There are also other works by researchers on learning analytics field. One of our colleges  on his open textbook analytic system framework was able to record students actions such as movements to a next/previous page, jumps to a chapter, link clicks, bookmarks and annotations,  is also very similar that claims to be able to identify reader’s reading habit on e-magazines, but both had not dive as far as this work's proposed state of the art which is tracking sections viewed on a page. One of the closest to this work is from  which they built a finger trail learning system (FTLS) where the users must scroll to every letters on the reading context. The letters will be highlighted once the pointer touches the letter. The work is very similar and maybe better but not the same. They introduces users reading habit by pointer trailing, while this work is about the time spent by users reading on particular sections.
The application architecture can be seen in Fig. 1. It consists of a representation interface, a web application program interface (API), and a database. The state of the art proposed method is on the representation side where a client-side programming is embedded on a web page to record the section page view event by the user. The other parts are web API and database to store, analyze and present the captured events which is common knowledge. The web API is a server-side programming language that can be Java, hypertext preprocessor (PHP), or any other languages that functions to put the captured events on the database, retrieve and present the data. Advanced analysis can be done on this side to represent the data statistically like in form of line graph for example. Finally the database is a place to store the captured events, which usually use query languages such as structured query language (SQL). The database can either be MySQL, MariaDB, or other known database applications.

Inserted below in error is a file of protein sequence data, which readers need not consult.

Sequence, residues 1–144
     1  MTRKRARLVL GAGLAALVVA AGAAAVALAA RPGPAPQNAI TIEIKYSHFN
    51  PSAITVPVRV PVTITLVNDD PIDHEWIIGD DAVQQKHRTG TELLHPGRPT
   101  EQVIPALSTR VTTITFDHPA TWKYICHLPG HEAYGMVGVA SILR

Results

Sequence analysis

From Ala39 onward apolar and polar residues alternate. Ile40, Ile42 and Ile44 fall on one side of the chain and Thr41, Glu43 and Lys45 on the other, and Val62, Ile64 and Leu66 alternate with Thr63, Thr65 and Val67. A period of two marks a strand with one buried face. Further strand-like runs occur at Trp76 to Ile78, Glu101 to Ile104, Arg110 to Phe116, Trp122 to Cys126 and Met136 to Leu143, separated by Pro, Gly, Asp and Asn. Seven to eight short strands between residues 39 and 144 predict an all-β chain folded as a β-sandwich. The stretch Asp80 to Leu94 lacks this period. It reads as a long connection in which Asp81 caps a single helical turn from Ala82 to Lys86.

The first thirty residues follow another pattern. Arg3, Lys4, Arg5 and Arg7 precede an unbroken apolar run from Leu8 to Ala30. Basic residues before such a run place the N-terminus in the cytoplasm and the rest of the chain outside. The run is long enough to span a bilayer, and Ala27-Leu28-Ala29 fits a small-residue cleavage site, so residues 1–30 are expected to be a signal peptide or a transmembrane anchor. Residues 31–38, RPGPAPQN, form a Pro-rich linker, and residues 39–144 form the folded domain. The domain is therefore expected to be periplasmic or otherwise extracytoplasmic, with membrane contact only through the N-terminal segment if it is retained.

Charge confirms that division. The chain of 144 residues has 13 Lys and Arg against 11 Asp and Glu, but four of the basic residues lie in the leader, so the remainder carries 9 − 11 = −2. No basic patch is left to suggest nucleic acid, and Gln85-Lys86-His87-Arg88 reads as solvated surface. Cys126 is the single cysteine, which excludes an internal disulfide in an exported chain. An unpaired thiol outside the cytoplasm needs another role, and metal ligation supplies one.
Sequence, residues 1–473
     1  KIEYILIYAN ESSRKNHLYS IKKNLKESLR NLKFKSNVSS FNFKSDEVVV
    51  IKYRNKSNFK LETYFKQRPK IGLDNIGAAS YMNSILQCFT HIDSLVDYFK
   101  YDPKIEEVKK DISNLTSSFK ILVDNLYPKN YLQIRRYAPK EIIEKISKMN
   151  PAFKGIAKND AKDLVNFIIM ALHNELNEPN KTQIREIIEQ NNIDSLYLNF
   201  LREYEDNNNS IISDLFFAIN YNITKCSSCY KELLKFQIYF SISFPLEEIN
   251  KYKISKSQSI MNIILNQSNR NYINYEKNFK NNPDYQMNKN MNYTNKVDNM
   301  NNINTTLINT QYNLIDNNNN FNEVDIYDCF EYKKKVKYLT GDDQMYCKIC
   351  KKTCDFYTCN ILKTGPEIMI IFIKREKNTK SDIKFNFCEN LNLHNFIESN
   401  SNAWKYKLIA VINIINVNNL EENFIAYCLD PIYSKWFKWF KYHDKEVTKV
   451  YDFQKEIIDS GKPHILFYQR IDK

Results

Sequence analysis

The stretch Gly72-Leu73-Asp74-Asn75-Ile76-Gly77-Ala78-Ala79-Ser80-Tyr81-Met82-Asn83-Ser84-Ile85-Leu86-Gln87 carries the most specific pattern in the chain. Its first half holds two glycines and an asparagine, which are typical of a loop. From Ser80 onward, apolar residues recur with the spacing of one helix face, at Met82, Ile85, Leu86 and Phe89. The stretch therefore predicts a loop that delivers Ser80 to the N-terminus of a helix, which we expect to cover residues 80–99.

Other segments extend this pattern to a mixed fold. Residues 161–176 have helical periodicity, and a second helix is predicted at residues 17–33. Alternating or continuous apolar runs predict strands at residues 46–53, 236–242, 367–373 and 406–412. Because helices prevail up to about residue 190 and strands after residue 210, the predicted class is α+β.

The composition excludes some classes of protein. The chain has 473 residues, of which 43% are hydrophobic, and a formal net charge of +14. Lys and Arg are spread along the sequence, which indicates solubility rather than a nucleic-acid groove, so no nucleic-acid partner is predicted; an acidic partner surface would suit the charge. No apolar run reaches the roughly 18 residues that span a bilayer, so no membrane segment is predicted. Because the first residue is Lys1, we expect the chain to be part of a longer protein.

Fig. 1. Application Architecture
List. 1. Tracker code example on a section of a text
<form id=“sect” action="thewebAPI" onmouseleave="submitFunction(sect)"> <div id=”sect” onmouseenter="startCount(sect)" onmouseleave="stopCount(sect)"> <h1> Section 1 </h1> <input type="hidden" id="value"> <p> This is section 1. </p> </div> </form>
Fig. 2. Demonstration, left focus on section 1.1, right focus on section 1.2
Fig. 2. is a view of List. 1. The left figure shows that the timer starts when the mouse pointer is in the first section. Afterwards it stops when leaving section 1 and starts timer on section 2 when it enters it on the right figure. For both sections, the dates of the last time pointed by the pointer is also generated. Therefore Figure Fig. 2. demonstrate the possibility of tracking the time spent by a user on a particular section. Using a web API and a database can store and output the result, revealing when and how long a user spent on certain sections of the page as on Fig. 3.
Fig. 3. Sample result showing the date and duration spent on certain sections
Conclusion and Future Work
This introductory work demonstrated an application that could track the date and time spent on certain sections of a web page which will be an extended feature of currently existing page views feature. The data that can be obtained from this feature allows new possibility to those who researches the behaviors of users online, and may benefit those in the field of e-learning alike. On the next work will be implementing a module or plugin to content editors on content management systems (CMS) and learning management system (LMS) to provide a button to add this tracking feature on their contents. However, this may not be suitable for commercial use since the coding nature of web pages can be complicated and variative to implement this method. It is suggested in future work to develop a browser plugin that can track the window of the browser itself instead of the web pages.